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The Czech harpsichordist Zuzana Růžičková, who died in 2017 at age 90, was a valiant advocate for her instrument, especially in modern works by Martinů and De Falla, as well as those by her husband, the Czech composer Viktor Kalabis. A high-flying adventurous spirit, wit and fearlessness characterise Růžičková’s playing of this repertory.

In the heartfelt documentary film included in this release, she credits the music of Bach with allowing her to survive harrowing imprisonment in Nazi concentration camps during the Second World War. After the war, an oppressive Communist regime in her homeland caused further stress, although she was permitted to tour and record, most prominently a set of Bach’s keyboard works reprinted on 20 CDs in 2017 (Erato 9029593044). Růžičková’s verve and intellect are never in doubt in these recordings made in Paris and Prague from 1965 to 1973. Yet inevitably she was a musician of her time, and as a harpsichordist was particularly affected by 20th-century developments in performance practice for Early Music.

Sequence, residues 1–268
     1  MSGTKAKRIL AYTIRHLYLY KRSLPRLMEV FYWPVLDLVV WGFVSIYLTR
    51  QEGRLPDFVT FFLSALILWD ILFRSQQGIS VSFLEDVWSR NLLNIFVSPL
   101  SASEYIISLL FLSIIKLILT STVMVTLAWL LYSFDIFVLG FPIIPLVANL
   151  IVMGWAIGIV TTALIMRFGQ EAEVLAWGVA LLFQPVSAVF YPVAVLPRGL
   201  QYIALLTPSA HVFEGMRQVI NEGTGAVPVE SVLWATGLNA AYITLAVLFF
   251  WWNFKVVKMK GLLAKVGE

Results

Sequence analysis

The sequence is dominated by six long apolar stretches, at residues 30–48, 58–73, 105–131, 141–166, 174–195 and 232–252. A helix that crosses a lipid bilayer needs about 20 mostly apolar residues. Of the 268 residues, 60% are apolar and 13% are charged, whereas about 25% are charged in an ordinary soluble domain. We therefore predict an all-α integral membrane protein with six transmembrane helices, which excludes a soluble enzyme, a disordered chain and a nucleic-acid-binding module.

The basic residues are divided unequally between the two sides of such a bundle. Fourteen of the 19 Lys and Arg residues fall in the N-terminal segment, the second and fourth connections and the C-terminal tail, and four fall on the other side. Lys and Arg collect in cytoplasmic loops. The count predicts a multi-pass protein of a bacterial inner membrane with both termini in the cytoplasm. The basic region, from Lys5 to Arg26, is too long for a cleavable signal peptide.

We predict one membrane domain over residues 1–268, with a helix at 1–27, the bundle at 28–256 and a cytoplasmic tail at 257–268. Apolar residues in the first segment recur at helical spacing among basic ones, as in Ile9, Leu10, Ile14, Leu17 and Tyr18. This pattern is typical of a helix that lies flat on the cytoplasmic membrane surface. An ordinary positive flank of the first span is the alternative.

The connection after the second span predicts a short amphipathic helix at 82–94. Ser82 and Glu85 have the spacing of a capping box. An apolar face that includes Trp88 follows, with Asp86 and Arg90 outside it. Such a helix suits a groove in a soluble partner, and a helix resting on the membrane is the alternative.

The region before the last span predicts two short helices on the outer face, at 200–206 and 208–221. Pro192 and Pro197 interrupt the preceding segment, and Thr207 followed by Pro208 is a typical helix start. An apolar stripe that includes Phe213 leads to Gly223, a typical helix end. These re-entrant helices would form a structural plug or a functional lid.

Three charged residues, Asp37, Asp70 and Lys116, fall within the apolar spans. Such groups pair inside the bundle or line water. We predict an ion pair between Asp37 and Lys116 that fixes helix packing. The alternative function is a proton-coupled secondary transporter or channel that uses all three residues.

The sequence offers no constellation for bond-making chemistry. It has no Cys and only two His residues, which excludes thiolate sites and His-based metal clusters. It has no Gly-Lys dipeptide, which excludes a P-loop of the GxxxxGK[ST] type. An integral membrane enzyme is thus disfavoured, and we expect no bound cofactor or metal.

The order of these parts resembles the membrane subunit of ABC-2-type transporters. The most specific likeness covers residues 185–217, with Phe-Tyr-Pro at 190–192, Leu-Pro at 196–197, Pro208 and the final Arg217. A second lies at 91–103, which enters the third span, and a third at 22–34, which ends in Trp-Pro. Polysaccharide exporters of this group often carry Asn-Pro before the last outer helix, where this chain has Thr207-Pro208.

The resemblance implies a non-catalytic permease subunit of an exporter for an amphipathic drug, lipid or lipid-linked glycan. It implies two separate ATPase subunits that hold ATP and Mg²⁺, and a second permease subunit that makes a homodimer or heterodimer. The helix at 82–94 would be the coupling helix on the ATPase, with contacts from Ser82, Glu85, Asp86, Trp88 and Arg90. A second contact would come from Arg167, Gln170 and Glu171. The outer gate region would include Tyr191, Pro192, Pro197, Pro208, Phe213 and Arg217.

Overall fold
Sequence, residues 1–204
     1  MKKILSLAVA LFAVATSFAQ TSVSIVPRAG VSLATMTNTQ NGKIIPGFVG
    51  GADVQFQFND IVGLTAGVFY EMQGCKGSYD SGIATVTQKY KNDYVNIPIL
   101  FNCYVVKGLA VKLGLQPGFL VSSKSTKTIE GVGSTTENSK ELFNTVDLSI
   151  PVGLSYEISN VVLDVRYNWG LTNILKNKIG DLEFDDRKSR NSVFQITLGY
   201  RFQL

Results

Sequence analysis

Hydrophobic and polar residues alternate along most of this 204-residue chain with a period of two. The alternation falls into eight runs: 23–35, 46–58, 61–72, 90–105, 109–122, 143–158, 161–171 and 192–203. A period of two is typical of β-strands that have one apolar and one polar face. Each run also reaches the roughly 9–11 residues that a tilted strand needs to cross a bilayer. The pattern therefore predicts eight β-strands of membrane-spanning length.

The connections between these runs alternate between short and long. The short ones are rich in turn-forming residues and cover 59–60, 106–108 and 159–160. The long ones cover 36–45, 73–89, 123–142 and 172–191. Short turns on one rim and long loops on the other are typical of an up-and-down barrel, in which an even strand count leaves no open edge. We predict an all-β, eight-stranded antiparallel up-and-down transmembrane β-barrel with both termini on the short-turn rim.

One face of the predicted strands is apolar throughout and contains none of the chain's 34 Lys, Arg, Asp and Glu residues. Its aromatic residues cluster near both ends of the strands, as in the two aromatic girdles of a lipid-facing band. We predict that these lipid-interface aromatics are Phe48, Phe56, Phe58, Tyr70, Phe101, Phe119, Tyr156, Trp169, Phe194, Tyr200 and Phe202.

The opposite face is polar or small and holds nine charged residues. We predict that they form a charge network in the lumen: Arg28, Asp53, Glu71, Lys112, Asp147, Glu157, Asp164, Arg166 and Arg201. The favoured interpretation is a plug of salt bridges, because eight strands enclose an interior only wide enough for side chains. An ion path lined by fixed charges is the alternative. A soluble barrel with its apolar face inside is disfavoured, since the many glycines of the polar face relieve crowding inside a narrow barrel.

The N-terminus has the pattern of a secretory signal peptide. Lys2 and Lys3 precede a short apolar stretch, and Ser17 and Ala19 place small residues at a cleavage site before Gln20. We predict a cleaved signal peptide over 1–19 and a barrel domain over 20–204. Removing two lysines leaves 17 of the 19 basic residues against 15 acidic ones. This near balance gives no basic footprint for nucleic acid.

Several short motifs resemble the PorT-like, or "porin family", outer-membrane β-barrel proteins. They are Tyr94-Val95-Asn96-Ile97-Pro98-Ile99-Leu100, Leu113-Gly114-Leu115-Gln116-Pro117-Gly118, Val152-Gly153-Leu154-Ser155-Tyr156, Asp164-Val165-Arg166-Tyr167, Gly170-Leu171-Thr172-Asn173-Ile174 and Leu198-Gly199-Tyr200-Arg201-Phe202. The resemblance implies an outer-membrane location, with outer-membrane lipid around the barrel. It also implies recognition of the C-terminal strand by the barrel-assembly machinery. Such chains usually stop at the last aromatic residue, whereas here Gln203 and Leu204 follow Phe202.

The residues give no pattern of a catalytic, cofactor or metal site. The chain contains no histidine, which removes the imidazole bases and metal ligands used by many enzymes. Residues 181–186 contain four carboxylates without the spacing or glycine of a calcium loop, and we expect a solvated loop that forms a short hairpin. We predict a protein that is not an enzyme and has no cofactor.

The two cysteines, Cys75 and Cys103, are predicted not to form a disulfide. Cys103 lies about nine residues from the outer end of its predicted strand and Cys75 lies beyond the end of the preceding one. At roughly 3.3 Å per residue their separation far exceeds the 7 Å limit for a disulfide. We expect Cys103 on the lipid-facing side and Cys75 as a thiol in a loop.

Most harpsichordists of Růžičková’s era had to confront over-heavy, acerbic-sounding instruments. The UK’s George Malcolm was a happy exception, always managing to find light-textured harpsichords captured blithely on recordings that still afford pleasure. By comparison, the German Ammer and J C Neupert instruments allotted to Růžičková sound heavy, dull and over-emphatic in Bach’s Capriccio ‘On the Departure of the Beloved Brother’, in addition to being oddly recorded in 1965 for the Fantasia BWV 906. Even remastering cannot remedy these issues and despite her deft playing, Růžičková sounds infinitely more at home in modern works or recitals with the legendary Czech violinist Josef Suk.

BENJAMIN IVRY Read the full review on Agora Classica


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